Turkish Prime Minister Recep Tayyip Erdogan has called for the lifting of a ban on women wearing headscarves at state universities.
Mr Erdogan said the issue was the "first duty" of politicians to solve
Mr Erdogan told the UK's Financial Times the ban was depriving some women of the right to higher education.
The PM's Islamist-rooted AK Party began drafting a new constitution after its landslide election victory in July.
The separation of religion and state enshrined in the current constitution is one of the key issues in the debate.
Separately, US Under-Secretary of State Nicholas Burns has arrived in Turkey for talks.
He is expected to discuss tensions over Iran's nuclear programme and possible operations against Kurdish rebel forces when he meets Mr Erdogan late on Wednesday.
Mr Erdogan told the Financial Times that resolving the headscarf issue was a priority.
"The right to higher education cannot be restricted because of what a girl wears," he said.
The wife of President Abdullah Gul wears a headscarf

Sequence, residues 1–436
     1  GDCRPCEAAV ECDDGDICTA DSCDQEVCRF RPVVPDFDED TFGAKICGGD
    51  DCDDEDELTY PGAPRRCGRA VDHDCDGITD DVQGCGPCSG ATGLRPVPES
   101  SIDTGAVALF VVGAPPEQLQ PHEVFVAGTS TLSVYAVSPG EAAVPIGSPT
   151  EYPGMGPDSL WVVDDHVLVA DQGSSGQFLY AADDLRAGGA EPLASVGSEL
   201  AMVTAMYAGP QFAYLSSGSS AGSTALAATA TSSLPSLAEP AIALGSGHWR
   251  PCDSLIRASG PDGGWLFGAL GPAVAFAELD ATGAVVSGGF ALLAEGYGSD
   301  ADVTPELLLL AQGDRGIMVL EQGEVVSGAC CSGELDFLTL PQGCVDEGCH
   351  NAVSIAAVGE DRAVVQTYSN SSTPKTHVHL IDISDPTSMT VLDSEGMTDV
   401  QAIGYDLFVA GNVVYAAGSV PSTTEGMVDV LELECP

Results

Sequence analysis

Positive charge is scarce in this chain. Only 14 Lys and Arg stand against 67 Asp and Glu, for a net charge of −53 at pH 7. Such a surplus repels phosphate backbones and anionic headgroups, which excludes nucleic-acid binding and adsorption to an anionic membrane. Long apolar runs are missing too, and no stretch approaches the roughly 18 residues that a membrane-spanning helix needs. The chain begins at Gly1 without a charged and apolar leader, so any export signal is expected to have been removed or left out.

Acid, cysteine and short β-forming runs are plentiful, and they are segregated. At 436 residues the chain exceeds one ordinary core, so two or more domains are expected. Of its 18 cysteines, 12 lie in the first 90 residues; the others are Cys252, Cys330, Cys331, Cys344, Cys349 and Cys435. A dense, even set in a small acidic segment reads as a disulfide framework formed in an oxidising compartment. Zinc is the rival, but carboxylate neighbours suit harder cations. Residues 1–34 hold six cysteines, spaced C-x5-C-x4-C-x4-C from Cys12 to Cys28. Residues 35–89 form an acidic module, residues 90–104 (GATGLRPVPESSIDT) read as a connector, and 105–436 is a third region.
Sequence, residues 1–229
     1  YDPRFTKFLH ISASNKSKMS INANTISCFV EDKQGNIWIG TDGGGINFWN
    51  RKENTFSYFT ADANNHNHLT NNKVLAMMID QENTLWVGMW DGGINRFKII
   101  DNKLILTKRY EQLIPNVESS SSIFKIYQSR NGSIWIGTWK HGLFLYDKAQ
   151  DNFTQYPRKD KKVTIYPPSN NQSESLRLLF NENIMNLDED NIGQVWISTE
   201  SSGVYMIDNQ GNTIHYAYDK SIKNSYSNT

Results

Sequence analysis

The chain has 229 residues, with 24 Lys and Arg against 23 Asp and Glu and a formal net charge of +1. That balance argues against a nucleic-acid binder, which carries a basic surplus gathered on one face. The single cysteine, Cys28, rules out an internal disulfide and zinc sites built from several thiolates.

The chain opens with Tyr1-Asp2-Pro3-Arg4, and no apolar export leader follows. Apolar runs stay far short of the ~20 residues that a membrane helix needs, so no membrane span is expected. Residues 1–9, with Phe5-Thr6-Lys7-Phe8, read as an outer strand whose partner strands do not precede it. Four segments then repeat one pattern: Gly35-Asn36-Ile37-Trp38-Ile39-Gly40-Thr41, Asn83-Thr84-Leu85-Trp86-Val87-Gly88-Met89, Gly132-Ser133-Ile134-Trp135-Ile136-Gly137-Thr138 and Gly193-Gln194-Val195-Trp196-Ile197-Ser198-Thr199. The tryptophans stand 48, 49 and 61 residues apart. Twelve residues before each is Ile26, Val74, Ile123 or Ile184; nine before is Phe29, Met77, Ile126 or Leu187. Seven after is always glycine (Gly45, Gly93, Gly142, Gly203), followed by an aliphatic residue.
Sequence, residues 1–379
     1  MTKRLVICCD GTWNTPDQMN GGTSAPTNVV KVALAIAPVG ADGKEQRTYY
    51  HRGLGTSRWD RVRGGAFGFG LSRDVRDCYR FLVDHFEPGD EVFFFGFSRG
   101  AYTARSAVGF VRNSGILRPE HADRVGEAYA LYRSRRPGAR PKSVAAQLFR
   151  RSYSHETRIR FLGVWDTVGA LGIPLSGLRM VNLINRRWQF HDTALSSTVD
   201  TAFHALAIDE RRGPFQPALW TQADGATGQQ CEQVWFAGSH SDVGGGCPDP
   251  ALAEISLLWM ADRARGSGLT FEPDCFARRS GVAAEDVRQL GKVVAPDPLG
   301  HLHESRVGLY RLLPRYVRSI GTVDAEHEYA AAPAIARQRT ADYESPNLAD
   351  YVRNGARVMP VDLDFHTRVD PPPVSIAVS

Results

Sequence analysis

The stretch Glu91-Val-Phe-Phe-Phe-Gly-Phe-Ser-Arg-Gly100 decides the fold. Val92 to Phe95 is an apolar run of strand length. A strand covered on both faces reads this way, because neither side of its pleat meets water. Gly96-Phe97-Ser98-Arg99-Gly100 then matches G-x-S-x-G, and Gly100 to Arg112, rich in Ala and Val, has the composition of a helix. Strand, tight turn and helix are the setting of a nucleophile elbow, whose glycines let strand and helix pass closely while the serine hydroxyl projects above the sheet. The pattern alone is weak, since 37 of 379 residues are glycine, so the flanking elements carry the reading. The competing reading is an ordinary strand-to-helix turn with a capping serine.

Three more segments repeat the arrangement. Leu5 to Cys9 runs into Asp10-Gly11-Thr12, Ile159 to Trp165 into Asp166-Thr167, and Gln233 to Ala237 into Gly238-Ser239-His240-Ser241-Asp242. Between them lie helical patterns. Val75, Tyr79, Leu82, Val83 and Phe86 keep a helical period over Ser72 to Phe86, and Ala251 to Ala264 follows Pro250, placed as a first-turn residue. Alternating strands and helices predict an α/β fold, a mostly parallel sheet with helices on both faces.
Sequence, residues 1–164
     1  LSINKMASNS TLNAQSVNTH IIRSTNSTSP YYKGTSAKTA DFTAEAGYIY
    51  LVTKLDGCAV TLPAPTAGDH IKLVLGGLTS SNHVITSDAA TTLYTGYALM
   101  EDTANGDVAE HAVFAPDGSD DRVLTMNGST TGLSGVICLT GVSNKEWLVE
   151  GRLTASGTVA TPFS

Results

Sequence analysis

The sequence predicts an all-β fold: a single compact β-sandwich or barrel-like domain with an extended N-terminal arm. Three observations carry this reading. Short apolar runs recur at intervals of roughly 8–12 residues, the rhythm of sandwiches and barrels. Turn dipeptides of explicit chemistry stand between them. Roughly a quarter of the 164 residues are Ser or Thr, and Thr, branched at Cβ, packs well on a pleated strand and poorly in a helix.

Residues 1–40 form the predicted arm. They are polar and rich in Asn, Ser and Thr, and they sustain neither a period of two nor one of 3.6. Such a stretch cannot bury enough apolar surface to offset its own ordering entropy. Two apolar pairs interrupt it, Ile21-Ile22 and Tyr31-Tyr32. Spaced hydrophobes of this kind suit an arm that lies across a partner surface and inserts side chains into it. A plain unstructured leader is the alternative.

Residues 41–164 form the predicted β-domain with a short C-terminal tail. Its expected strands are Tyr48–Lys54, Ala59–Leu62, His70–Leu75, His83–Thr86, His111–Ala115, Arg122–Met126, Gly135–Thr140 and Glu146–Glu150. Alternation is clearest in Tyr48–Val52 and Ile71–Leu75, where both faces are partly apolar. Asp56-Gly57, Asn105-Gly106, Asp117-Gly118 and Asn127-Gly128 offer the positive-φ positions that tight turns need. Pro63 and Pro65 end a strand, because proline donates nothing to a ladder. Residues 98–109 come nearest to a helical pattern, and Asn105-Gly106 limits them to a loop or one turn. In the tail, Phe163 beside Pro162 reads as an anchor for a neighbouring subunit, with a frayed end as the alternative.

"There is no such problem in Western societies, but there is a problem in Turkey and I believe it is the first duty of those in politics to solve this problem."
Mr Erdogan has been supported by President Abdullah Gul, a member of the AK Party until his election as head of state last month.
Mr Gul told the Milliyet newspaper: "It is much better for [women who are covered] to go to university than to stay home and be isolated from social life."
The wives and daughters of both men wear the headscarf.
Turkey's secularist forces, including military and judicial leaders, oppose any moves they see as eroding the nation's secular system.
The headscarf has become a symbol of the threat to the continued separation of state governance and religion.
The university ban on headscarves was upheld in 2005 in the European Court of Human Rights, which said it might be needed to safeguard the secular order.
Mr Erdogan has always said his government will respect the separation.
Summer of turmoil
The current constitution evolved from the 1980 military coup and many politicians want to redraw it to bring it more into line with current standards of democracy.
"We want a constitution that is going to provide and protect a state that is a democratic, secular, social state of law," Mr Erdogan told the Financial Times.
Turkey endured a summer of political turmoil with secularist politicians organising mass demonstrations to try to block Mr Gul's presidential bid.
The stand-off triggered the snap elections in July.